1. What is your favorite place to visit in Arizona?  

Flagstaff, in the summer or fall.

  1. Other than ASU, what college team do you root for? 

University of Washington, Huskies, my alma mater.

  1. How long have you been with the CSL and what is your current role? 

I have been with CSL since 1987 and am currently the Executive Director.

  1. What excites you the most about working for the CSL? 

I love working with our member companies and seeing the interaction/shared learning between our board and faculty network.  I love seeing the tremendous growth in knowledge and practice over the years.

  1. What is a great example of customer service?

Amazon in general. And Amazon Prime, specifically – I love it and use it all the time! Continue reading

The Next Wave of Service Delivery: Success Accelerators!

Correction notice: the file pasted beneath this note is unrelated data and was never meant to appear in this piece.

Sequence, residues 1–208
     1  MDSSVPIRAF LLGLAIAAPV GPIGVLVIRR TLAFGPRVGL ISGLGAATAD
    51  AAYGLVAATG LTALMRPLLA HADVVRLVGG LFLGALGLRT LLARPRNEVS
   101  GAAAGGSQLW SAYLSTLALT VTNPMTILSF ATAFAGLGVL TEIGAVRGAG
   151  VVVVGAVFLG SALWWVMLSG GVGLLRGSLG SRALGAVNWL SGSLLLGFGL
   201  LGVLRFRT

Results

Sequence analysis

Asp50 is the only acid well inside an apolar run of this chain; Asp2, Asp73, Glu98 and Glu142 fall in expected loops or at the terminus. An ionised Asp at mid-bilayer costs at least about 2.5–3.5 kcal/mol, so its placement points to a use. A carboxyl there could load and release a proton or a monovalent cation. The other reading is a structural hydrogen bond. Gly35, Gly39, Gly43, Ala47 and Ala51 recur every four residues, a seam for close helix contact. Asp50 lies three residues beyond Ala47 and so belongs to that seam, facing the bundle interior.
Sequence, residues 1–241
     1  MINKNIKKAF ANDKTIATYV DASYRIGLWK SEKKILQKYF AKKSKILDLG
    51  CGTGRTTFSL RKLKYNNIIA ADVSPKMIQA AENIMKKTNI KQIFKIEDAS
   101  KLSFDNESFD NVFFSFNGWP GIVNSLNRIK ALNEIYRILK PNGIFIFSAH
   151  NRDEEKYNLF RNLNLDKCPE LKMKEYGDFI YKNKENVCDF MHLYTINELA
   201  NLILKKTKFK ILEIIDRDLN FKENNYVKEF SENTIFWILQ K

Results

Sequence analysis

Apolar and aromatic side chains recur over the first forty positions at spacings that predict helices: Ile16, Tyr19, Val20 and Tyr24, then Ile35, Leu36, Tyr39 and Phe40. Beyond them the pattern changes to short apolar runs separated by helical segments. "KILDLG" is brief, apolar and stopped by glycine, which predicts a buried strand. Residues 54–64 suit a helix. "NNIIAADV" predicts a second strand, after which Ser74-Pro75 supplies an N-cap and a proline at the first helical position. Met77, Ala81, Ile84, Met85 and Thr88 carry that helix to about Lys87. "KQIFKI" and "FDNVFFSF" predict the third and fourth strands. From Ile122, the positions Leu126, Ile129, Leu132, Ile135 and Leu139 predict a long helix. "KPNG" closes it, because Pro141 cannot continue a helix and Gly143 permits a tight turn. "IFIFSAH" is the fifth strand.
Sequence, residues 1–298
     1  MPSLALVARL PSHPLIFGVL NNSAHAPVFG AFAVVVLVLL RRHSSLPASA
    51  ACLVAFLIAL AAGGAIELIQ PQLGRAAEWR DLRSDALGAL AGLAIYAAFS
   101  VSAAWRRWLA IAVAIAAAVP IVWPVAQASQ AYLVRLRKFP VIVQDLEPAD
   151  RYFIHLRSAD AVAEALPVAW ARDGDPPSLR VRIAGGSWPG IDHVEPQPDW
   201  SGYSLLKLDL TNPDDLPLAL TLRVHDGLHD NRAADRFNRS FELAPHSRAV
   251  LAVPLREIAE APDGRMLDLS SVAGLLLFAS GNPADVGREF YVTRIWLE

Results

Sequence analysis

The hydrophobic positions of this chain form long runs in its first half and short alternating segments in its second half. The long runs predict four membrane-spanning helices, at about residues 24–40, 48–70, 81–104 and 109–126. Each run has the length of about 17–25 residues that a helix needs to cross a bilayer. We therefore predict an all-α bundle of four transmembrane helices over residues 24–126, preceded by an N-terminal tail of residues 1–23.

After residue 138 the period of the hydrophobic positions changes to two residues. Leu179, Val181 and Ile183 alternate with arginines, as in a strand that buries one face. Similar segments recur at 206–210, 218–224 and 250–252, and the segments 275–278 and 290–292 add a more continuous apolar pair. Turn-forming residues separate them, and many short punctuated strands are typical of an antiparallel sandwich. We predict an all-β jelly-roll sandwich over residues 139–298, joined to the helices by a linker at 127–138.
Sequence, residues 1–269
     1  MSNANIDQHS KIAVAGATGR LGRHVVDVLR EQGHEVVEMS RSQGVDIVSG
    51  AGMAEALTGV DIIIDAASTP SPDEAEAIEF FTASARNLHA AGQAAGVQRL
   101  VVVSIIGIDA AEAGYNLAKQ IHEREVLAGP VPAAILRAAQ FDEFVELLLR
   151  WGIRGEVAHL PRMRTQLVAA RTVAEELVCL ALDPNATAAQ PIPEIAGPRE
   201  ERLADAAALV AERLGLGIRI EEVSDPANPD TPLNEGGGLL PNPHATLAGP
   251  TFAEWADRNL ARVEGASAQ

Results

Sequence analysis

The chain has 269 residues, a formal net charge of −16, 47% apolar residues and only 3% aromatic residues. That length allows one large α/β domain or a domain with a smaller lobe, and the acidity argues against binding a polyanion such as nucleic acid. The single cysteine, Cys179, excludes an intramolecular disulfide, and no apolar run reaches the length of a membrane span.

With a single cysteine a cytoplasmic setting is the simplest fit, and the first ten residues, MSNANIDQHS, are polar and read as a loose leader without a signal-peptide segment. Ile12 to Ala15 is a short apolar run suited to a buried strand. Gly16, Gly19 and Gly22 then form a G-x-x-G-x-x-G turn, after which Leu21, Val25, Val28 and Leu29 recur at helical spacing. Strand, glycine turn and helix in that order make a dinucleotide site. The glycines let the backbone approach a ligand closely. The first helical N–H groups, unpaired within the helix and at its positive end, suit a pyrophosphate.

randy-wootton-headshotBy Randy Wootton

The Challenge

Today, more and more companies depend on software as a service (SaaS) to operate essential parts of their business, such as managing their relationships with customers, driving sales performance, and maintaining employee communication. As the industry and surrounding ecosystem that delivers these services matures, it faces a growing demand for accountability and results.

This is driven by many factors. As the global economy has emerged from recession, there is an increased focus on cost control and accountability. The shift in accounting for technology spending from capital expenses to operating expenses requires quicker results from technology investments–often within a single fiscal year. And the growing sophistication and utility of the services themselves makes them an indispensable ingredient in any company’s success – shining a spotlight on how they are implemented, deployed and used. Continue reading